Please be offended–be offended by the title, be offended by the behaviour of the characters, by the way the author plays with history, with the literary history of Russia and Yiddish culture, but be really offended by the way Stalin treated so many of the citizens of the Soviet Union. If you are the ending will satisfy you, and bring a fantstical catharsis to the way you think about Uncle Joe the next time you think about him.
This is a funny book. Funny in a Coen brothers way–as people are murdered/righteously killed by these actors and clowns. It’s a violent book.
It’s a riotous joy to read.
From the author’s website:
“MOSCOW, FEBRUARY 1953. A week before Stalin’s death, his final pogrom is in full swing. Three government goons arrive in the middle of the night to arrest Solomon Shimonovich Levinson, an actor from the defunct State Jewish Theater. But Levinson, now an old man, is a veteran of past wars, and his shocking response to the intruders sets in motion a series of events both zany and deadly as he proceeds to assemble a ragtag group to help him enact a mad-brilliant plot: the assassination of a tyrant.”
New York Times
“Soon there is a core group determined to stop the deportation and pogrom that could become Stalin’s last gift to Russian Jews…The Yid is about Stalin’s worst enemy as well as his favorite prey. Mr. Goldberg fuses these characters and all that they suggest to Stalin—Paul Robeson for Lewis, Anna Akhmatova for one of the book’s women—into one hellish vision to haunt that dictator during his last hours on earth. So he gets one last gift, too.”
Maureen Corrigan at NPR
“‘The Yid’ doesn’t play nice. In fact, it plays fast and loose with history as well as with conventional approaches to writing about anti-Semitism and genocide.
Paul Beatty, Deborah Levy, Graeme Macrae Burnet, Ottessa Moshfegh, David Szalay, and Madeleine Thien have been named to the shortlist for the 2016 Man Booker Prize for Fiction.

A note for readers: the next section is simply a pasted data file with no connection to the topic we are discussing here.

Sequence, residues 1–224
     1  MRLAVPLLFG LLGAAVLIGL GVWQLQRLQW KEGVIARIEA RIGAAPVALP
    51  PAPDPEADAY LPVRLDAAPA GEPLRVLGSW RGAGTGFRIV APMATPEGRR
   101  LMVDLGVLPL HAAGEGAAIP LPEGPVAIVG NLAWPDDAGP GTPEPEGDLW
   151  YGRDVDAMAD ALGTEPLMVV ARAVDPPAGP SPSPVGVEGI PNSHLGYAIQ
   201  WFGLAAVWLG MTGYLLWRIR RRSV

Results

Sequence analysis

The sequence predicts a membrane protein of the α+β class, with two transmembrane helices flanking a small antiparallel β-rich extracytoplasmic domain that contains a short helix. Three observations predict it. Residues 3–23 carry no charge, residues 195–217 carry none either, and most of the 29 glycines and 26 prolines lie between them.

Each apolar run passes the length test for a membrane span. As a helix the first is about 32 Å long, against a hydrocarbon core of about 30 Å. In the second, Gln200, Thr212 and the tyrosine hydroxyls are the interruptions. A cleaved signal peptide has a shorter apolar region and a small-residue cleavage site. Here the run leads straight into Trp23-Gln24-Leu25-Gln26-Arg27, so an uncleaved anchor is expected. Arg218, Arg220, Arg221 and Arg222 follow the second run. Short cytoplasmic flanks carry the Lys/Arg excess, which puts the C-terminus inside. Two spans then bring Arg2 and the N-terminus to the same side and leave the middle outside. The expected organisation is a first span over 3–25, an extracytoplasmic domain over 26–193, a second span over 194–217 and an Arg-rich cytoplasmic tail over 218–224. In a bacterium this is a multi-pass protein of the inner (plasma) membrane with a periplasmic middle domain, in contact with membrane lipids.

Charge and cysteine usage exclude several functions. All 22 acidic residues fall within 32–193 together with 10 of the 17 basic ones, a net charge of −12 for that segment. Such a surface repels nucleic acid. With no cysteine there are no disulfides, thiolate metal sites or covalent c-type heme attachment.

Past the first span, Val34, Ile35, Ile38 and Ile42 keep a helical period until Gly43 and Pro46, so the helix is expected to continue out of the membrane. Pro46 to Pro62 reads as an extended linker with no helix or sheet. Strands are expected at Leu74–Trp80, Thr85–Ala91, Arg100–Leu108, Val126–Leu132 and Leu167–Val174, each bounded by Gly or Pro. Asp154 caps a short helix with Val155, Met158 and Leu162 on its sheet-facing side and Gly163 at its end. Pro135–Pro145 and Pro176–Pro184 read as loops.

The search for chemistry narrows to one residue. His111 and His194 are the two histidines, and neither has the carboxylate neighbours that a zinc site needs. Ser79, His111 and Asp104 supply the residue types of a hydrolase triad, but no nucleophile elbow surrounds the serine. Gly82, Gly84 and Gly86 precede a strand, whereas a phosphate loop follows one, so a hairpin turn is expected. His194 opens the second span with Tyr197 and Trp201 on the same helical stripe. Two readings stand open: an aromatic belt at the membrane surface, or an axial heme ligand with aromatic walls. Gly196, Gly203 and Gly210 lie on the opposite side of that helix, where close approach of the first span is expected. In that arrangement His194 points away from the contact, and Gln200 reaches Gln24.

This is the third year that the prize has been open to writers of any nationality, and it finds the shortlist evenly split between two British, two American, and two Canadian writers, as well as between Penguin Random House and independent publishers.
Posted in Novel
Tagged G. B. Stern
A recording of the whole day of the conference at Birkbeck College, September 11, 2013.
Writing Jews in Contemporary Britain
The workshop’s emphasis is on new and innovative work being undertaken in the field and is intended to provide a forum for presenting and analysing the most recent critical and theoretical approaches to British-Jewish fiction, film, television drama and documentary.
Through the workshop we hope to explore, among other topics, the representation of ‘hyphenated’ British and Jewish identities; the recent history and current state of British-Jewish literary and visual culture; and the relation of that culture to the mainstream in Britain. The seminar will also consider British-Jewish culture in the light of postcolonial thinking and in comparison to the development of Jewish culture in the USA.
The workshop will consist of three two-speaker panels, each panel centred on a particular theme
Posted in Academic, Literature, Novel, TV
Tagged Axel Stahler, Bryan Cheyette, David Brauner, David Feldman, James Jordan, Nadia Valman, Nathan Abrams, Ruth Gilbert, Sue Vice